Perhaps the most successful tech introduced with last Fall’s iOS 8 release was Metal, a graphics abstraction layer that makes developing and delivering performance faster and with fewer resources. Metal for Mac is arriving with the release of OS X El Capitan, the successor to Yosemite.
First off, what’s the significance of El Capitan? That’s California location within Yosemite, which is indicative that Apple is focussing this OS X release on polishing the desktop operating system.
That said, Metal for Mac the desktop is a new feature on the desktop. However, as far as developers are concerned, their investments in bring Metal to their iPhone, iPad and iPod touch will pay immediate dividends in bringing Metal to their Mac apps and games.
Metal for iOS
Built for developers who create highly immersive console games, Metal is a new technology that allows them to squeeze maximum performance from the A7 and A8 chips. It’s optimized to allow the CPU and GPU to work together to achieve optimal performance. It’s designed for multithreading, and there are great tools for putting it all together in Xcode.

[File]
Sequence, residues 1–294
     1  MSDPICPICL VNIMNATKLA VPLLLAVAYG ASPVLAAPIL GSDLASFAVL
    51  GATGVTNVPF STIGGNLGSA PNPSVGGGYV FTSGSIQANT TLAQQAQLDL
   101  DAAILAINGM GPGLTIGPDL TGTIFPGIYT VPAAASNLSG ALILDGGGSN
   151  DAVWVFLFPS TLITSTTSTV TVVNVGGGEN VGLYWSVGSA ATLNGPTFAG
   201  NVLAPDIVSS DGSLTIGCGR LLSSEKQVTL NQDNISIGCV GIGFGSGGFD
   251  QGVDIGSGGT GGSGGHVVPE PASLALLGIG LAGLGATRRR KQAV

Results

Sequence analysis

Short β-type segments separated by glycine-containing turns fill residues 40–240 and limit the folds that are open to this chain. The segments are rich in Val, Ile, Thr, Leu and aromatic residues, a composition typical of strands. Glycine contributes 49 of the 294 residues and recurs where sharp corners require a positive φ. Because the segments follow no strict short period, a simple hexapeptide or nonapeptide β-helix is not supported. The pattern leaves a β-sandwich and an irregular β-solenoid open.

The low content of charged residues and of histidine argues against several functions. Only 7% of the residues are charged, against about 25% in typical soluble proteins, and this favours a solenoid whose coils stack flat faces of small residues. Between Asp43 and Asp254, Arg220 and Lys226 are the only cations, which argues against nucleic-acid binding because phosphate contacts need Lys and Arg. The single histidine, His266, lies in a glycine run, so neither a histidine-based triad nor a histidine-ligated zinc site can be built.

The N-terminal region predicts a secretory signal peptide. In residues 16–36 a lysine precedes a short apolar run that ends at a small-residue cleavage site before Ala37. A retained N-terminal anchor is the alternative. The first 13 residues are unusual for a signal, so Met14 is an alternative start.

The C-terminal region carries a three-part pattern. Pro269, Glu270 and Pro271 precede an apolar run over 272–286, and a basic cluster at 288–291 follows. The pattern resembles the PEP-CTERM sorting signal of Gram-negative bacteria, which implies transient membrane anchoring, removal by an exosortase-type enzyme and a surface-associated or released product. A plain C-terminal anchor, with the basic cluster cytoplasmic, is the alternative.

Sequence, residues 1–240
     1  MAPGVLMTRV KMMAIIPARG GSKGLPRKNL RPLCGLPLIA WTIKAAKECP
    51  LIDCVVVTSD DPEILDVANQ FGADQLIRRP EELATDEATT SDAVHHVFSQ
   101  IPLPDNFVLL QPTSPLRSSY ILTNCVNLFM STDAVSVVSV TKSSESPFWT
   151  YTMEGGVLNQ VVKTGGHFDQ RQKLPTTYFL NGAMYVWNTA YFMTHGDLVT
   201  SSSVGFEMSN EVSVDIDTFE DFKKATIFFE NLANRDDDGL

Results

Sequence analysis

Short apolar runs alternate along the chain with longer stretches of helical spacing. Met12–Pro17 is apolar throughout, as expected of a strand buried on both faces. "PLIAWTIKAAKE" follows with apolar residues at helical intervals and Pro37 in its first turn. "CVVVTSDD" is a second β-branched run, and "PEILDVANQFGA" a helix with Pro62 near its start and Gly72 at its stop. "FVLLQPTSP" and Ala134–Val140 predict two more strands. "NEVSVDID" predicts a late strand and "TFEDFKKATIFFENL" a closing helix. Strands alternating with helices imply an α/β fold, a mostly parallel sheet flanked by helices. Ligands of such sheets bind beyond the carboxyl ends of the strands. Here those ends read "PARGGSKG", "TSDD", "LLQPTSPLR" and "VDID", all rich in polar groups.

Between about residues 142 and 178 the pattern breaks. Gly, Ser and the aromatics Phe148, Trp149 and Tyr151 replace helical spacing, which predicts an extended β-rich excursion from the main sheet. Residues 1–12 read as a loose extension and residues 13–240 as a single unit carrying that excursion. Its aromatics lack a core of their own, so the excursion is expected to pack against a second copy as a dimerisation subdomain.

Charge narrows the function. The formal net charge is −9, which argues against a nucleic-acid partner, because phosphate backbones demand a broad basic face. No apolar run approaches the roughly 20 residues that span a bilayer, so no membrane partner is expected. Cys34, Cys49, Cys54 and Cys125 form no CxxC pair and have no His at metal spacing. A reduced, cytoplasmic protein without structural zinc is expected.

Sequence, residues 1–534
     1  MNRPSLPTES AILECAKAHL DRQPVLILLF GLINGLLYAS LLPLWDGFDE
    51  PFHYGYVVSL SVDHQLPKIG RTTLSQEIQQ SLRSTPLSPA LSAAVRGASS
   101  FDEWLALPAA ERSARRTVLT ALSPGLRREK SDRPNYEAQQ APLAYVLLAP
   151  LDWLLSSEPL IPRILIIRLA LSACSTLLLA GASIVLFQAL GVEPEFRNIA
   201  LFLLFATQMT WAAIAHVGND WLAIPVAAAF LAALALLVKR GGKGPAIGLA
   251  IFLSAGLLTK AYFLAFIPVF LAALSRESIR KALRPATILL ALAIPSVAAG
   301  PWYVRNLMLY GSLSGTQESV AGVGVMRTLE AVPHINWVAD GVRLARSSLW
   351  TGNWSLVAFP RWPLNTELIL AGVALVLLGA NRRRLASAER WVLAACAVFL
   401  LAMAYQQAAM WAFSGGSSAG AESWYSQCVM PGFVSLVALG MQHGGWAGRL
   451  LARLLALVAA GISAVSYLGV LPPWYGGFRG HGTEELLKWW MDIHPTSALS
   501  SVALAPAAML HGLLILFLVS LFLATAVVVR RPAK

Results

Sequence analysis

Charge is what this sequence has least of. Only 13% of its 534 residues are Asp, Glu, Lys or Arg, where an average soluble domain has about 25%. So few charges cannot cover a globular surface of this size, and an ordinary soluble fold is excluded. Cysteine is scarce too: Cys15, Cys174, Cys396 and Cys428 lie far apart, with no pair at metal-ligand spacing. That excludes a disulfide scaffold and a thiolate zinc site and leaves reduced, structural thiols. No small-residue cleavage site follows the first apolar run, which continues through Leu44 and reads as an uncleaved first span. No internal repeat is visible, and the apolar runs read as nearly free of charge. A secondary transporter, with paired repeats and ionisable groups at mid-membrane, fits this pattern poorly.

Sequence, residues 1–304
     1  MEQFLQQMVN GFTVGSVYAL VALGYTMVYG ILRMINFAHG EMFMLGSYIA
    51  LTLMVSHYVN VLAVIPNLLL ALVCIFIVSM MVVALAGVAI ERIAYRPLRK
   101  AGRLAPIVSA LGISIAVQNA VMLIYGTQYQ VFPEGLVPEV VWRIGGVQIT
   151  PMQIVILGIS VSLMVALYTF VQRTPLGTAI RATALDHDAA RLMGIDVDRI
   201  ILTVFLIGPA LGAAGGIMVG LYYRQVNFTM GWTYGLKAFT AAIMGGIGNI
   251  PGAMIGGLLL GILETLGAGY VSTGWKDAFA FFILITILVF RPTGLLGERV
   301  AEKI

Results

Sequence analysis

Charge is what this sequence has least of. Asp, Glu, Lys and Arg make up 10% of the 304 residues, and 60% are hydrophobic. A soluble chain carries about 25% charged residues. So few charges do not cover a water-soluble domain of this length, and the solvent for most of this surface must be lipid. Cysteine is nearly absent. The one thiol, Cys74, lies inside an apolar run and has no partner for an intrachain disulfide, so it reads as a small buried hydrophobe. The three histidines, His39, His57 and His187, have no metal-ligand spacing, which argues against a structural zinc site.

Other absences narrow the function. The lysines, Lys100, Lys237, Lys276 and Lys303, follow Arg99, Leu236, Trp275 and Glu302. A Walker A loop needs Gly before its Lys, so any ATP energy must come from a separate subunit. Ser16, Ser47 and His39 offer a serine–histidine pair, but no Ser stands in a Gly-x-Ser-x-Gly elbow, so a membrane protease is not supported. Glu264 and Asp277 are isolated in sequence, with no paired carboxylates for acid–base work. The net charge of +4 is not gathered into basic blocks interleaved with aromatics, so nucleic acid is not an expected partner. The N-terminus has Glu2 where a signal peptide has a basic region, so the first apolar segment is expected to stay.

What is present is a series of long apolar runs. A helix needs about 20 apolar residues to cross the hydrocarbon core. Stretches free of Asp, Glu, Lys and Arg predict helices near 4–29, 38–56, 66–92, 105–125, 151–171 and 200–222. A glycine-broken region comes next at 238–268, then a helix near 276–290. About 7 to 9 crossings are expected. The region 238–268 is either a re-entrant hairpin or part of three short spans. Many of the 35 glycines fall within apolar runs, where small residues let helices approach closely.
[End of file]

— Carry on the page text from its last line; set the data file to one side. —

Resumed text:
Metal for Mac: Adobe Creative Cloud
“We are committed to adopting Metal on our OS X apps,” says David Wadhwani, VP & GM, digital media, Adobe. “With performance increases up to 8X, we are excited about what Metal can do for our Creative Cloud users.”
Adobe has said it will adapt all of its Creative Cloud Suite apps, including Illustrator (shown above).
Metal for Mac: Games
For developers, where the rubber meets the road is an up to 70 percent increase in performance when compared to OpenCL. And, again, as mentioned above, developers with Metal for iOS experience will be able to immediately leverage that in bringing their apps and games to Metal on the desktop.
I’m looking forward to Metal on the desktop and, as Apple is shipping the developer beta of OS X El Capitan today, look for more on OS X 10.11 and Metal right away…
What’s your take?